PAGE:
(Part 2 of a series on God’s comfort in affliction)
Part 1: The God of Mercy and Comfort
Blessed be the God and Father of our Lord Jesus Christ, the Father of mercies and God of all comfort, who comforts us in all our affliction, so that we may be able to comfort those who are in any affliction, with the comfort with which we ourselves are comforted by God.
If we are distressed, it is for your comfort and salvation; if we are comforted, it is for your comfort, which produces in you patient endurance of the same sufferings we suffer. And our hope for you is firm, because we know that just as you share in our sufferings, so also you share in our comfort.
Today I’m taking two “chunks” of this passage together because they are so connected to each other in meaning. I’ll come back for verse 5 next time.
The Sources of Our Comfort
Paul speaks in verse 4 about who it is that comforts us in affliction. Ultimately all sources of comfort have their origin in God. God’s comfort manifests itself in several ways:
The fact He is the Almighty: Our Lord’s identity is a huge part of why we are comforted by Him. He is Creator, Father, Comforter, Healer, Warrior. Be still and know that I am God [Ps. 46:10 ESV]. It is because of who He is and because we know we can trust Him — not just with some affliction, but all of it — that we receive comfort.
He is present: God comforts us with His presence: Fear not, I am with you, He says in so many places in scripture. We are never alone. God is our refuge and strength, a very present help in trouble. [Ps. 46:1 ESV; boldface mine]
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Other believers: He also uses others to comfort us, sometimes with words, sometimes
without. Remember the best thing that Job’s friends did was to remain silent and simply sit alongside him.
Prayer: We are comforted when we pray. Just as things can look a little brighter when you share misery with a friend, even more so when you pour your heart out to God. Trust in him at all times, O people; pour out your heart before him; God is a refuge for us [Ps.62:8 ESV].
The Infinite Comfort Loop
At the end of verse 4, Paul refers to the comfort we received from God. This is a two-way street, in the sense that we receive comfort from God to comfort others in struggles and we seek others’ comfort in our own struggles. But it’s an infinite loop in the sense that we will always be in some part of it.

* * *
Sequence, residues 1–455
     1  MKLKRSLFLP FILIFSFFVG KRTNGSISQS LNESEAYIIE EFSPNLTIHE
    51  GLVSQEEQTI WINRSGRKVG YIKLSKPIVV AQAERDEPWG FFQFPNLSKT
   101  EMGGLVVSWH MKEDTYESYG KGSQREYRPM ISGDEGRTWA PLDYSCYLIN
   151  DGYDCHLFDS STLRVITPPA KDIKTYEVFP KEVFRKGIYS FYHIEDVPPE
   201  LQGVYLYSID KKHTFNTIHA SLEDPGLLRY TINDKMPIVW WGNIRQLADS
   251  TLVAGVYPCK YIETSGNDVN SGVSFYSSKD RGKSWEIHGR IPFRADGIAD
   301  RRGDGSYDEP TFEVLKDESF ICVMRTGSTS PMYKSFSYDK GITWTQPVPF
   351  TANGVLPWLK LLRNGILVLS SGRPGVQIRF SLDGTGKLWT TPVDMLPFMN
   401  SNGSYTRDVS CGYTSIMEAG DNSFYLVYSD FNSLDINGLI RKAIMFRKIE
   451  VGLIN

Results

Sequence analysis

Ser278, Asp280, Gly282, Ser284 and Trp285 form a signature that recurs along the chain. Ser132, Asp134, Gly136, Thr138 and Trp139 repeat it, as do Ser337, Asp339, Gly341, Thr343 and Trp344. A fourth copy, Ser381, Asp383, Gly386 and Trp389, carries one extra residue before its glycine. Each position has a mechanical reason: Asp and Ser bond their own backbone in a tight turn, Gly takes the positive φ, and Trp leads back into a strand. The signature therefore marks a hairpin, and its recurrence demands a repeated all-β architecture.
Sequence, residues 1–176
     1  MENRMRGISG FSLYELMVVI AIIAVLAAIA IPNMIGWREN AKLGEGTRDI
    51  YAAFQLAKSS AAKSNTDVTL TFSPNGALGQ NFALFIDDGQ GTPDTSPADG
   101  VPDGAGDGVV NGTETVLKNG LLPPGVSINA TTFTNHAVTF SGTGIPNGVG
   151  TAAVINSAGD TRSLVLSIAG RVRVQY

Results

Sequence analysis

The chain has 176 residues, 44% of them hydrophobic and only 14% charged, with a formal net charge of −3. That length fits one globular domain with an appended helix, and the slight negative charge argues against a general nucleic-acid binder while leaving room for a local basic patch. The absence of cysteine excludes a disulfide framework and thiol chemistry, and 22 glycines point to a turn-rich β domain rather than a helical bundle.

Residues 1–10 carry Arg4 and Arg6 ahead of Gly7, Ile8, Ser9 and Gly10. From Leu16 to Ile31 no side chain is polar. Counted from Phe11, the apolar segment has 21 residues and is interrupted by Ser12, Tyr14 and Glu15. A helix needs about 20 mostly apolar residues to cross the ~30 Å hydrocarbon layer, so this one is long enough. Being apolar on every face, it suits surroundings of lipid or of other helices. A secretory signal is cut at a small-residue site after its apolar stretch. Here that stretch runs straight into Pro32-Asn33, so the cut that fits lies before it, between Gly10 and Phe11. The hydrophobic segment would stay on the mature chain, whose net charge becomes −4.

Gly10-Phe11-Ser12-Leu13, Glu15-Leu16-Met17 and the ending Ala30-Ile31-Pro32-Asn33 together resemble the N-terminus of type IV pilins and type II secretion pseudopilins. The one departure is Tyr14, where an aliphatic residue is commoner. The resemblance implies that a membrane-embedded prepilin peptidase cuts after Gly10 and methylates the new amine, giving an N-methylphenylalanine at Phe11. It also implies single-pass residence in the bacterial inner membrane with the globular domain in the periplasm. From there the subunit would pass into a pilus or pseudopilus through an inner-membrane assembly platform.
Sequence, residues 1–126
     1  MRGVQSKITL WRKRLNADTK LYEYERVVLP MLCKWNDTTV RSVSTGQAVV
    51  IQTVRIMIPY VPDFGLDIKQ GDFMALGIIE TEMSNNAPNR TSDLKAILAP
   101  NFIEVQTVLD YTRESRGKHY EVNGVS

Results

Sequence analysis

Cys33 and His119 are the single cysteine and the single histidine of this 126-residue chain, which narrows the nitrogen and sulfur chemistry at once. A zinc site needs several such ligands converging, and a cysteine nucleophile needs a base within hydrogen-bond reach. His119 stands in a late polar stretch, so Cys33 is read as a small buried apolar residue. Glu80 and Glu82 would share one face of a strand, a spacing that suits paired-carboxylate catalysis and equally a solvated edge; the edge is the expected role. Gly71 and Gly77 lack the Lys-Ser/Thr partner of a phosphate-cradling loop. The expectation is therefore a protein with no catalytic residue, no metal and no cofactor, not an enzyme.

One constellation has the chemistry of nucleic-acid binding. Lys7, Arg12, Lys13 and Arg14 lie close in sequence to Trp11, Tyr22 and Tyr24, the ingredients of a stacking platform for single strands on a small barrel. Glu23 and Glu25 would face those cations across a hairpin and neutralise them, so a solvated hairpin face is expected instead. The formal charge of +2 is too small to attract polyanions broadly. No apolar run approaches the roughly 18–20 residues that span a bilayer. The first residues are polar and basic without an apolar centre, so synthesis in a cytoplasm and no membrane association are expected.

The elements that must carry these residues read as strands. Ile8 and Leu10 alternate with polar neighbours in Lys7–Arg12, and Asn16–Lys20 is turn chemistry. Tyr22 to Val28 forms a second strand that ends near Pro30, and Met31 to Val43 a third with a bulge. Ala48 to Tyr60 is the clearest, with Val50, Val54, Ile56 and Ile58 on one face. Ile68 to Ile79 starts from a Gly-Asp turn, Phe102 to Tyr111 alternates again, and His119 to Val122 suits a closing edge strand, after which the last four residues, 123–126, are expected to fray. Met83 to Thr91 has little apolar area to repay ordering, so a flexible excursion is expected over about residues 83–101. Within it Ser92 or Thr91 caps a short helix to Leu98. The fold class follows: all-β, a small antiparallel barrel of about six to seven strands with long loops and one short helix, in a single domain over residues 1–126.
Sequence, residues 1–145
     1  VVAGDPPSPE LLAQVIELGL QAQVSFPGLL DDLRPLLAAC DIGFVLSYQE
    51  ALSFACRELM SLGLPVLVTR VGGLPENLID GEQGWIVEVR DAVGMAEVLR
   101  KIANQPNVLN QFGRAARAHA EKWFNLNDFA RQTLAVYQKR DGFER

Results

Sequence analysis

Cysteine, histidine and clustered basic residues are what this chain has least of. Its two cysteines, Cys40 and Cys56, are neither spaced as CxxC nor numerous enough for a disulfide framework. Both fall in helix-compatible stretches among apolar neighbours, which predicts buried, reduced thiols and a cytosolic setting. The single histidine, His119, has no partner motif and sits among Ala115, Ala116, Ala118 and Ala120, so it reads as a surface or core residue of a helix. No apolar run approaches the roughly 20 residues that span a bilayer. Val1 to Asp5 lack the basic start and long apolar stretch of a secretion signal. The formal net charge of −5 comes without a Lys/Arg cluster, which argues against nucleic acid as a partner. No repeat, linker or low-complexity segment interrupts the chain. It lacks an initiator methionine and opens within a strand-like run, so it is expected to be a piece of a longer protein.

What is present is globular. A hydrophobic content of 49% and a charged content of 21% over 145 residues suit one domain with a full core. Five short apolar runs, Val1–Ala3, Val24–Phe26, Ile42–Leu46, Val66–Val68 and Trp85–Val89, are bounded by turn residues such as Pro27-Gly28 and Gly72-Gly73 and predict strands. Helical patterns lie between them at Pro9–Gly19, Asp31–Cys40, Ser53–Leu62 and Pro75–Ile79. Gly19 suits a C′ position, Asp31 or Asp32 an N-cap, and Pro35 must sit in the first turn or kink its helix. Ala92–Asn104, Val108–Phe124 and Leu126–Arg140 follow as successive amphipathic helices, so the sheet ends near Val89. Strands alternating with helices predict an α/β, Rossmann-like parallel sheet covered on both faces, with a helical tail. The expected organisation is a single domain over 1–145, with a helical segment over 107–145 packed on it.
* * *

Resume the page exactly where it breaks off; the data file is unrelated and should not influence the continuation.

The comfort we receive from God doesn’t mean our circumstances are instantly changed. I’ll give you an example from my life. I was forced to sell my house a few years ago and rent a room in a friend’s house. So I went from a 1,250 square foot home of my own to a 130 square foot room and all my stuff in storage indefinitely. It was what I felt (at the time) a tragic and heartbreaking loss to me.
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What I didn’t realize until later was that God was working in it, deliberately bringing me to this particular friend’s house because there was a strong believer living next door to her. That believer became a crucial part of the transition in a very difficult time for me. Nothing changed circumstantially. But I changed in my perspective. And God reminded me He works good in all things for His purpose.
Hope and Patience in Suffering
Paul moves on in verses 6 and 7 to explain the interrelationship between suffering and comfort. Hope and patience are two key words here.
We see the idea of patience in the midst of suffering in other places in scripture:
Not only that, but we rejoice in our sufferings, knowing that suffering produces endurance, and endurance produces character, and character produces hope, and hope does not put us to shame, because God’s love has been poured into our hearts through the Holy Spirit who has been given to us. [Rom. 5:3-5 ESV; boldface mine]
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And we see the idea of hope – not a pie in the sky type of hope, but an assurance that no matter what we go through in this life, no matter how high the pain level, how great the grief, how staggering the loss, we can hope in Christ’s strength and presence.
Just like a tree that has withstood high winds and torrential rain becomes more firmly rooted in the ground, so hope enables us to bend, be shaped, and not break during our trials, but rather be more firmly established.
Your level of study on this subject is noteworthy. It is a refreshing perspective. I like how you include a personal example in this part because it interrupts the flow just enough to show that you, the author, are a real person experiencing real things and learning these insights about suffering and perseverance through real events.